MAE SOT, THAILAND - For the second year in a row, authorities have banned the annual Tiananmen Square vigil in Hong Kong that usually attracts thousands of people in memory of the Chinese government's crackdown in Beijing in 1989.
Thirty-two years ago, thousands of pro-democracy protesters took to the streets in Beijing demonstrating against the Chinese government and demanding economic and political reforms. After several weeks, China's People's Liberation Army occupied the area with tanks and opened fire against the student-led demonstrators, killing an unknown numbers of demonstrators.
Thousands of mourners in Hong Kong have attended the annual remembrance vigil for decades, but authorities banned it for the first time last year, citing the global pandemic. The event is illegal in mainland China.
Up to 7,000 police officers were reportedly deployed Friday to handle potential gatherings, with 3,000 alone stationed at Hong Kong's Victoria Park in Causeway Bay, the usual location for the memorial. Authorities again pointed to COVID-19 and the current four-person cap on gatherings as this year's reason the vigil could not go ahead.
Police also warned that any protesters who defied the ban, chanted slogans or wore black — a color affiliated with anti-government protesters in 2019 — would be arrested.
Swedish journalist Johan Nylander told VOA that although the park was nearly empty, the atmosphere was "hostile" Friday, saying the police warned him he would be arrested.
"Every street corner you had big groups of police. And also in the park, police everywhere. Five percent of the park was still open but was heavily guarded by police.
"I was taking pictures, not in the off-limit area, and the police stormed up to me and said, no, you're not allowed to take photographs. I had been there three to four minutes and it almost happened immediately.
"He was clearly threatening to arrest me if I didn't leave," Nylander added.
Earlier in the day, Hong Kong police arrested pro-democracy human rights activist Chow Hang Tung for allegedly promoting unauthorized assembly.
Chow, a lawyer who had represented at least one defendant during the bail hearing for the 47 activists charged under the national security law earlier this year, is also the vice chairwoman of the Hong Kong Alliance, which organizes the annual vigil.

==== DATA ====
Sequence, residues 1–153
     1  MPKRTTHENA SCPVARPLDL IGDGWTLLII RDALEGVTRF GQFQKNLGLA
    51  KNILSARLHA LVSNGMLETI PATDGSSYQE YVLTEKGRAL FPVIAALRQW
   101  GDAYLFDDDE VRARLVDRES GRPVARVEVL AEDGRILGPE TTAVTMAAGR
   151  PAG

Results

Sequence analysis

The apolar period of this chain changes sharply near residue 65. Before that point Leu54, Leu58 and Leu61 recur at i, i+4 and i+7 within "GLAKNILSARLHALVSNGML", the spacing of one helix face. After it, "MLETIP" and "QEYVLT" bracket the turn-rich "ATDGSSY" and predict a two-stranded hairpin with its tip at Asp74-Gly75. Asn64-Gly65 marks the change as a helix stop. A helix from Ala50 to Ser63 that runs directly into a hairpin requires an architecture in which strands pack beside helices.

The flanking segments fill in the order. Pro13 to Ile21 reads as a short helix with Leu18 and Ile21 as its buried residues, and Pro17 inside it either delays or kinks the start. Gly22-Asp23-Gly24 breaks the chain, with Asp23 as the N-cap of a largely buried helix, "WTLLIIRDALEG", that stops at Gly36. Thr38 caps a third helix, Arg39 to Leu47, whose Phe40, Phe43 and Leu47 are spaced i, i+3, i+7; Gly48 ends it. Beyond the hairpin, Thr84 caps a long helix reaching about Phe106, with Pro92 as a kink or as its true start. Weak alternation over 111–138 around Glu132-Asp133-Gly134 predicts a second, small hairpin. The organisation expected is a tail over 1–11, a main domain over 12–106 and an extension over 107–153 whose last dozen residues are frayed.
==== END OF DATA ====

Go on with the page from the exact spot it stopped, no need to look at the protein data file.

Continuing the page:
Her arrest is believed to stem from a social media post that discussed the Hong Kong Alliance's failed appeal for the vigil to go ahead, according to local reports.
Her colleague, Lee Cheuk Yan, the Hong Kong Alliance chairman, is in jail following illegal assembly offenses dating back to 2019. Prior to his imprisonment, Lee was pessimistic on the possibility of large rallies being legally approved on sensitive dates in Hong Kong, including the Tiananmen Square vigil.
"It can be very difficult, it's not the Tiananmen Square vigil, it's everything that has attraction for the masses," the activist told VOA earlier this year.
Lee, who was born in mainland China, was one of the protesters who survived the events in Beijing. He was interrogated by Chinese authorities for his role in Beijing at the time but was released and escaped back into Hong Kong.
Despite the gathering ban firmly in force, Hong Kong residents have found other ways to remember the date.
Social media posts showed how individuals had attended the park the day before, on June 3, to show their respects. At Hong Kong University, a ceremony took place around Pillar of Shame of Hong Kong — a concrete sculpture depicting 50 twisted bodies as a representation of those who died during the Tiananmen Square protests. Others have told VOA they plan to attend Remembrance Mass, an event to commemorate the crackdown in churches across the city.
Emily Lau, a former Democratic Party chairperson, is one prominent political figure who planned to attend mass in the evening.
She told VOA, "The annual candlelight vigil at Victoria Park shows many people will not forget the atrocities 32 years ago.
"The banning of the Victoria Park gathering last year and this year shows the Chinese government, and the Hong Kong government, don't want the people to remember. The Hong Kong people want the authorities to investigate what happened in 1989 and punish those responsible for the massacre," she added.
Wong Yat Chin, organizer of Hong Kong's Student Politicism, a political group aiming to promote values of democracy, was to screen a documentary with an open forum about the crackdown, and about more recent events in Hong Kong.
"As we have officially descended into the age of one country, one system, any slight act of dissent has been sanctioned by the regime, which has caused the complete loss of fundamental freedom and rights, blatant violations of our human rights," he said.
Livestreams from local Hong Kong media showed Wong Yat Chin was later handcuffed and detained by police officers during his presentation. Authorities then raised a warning flag to alert gathering crowds to disperse or risk arrest.
Last year's vigil was canceled for the first time, but thousands of people turned up anyway, lighting candles and holding up lights from their phones. The night ended without incident in the immediate area.
Twenty-four activists were charged in August for participating in or organizing the illegal rally. Joshua Wong was one of four activists jailed in May and given a 10-month sentence, but was already serving time for other offenses. The remaining 20 people are awaiting sentencing.
Under the "one country, two systems" agreement signed by Britain and China in 1997, after the city was transferred back to Chinese rule, Beijing promised that Hong Kong would retain a "high degree of autonomy" until 2047.
After 2019's pro-democracy protests, Beijing implemented a national security law for Hong Kong that prohibits secession, subversion, terrorism and collusion with foreign forces, and its details can be widely interpreted.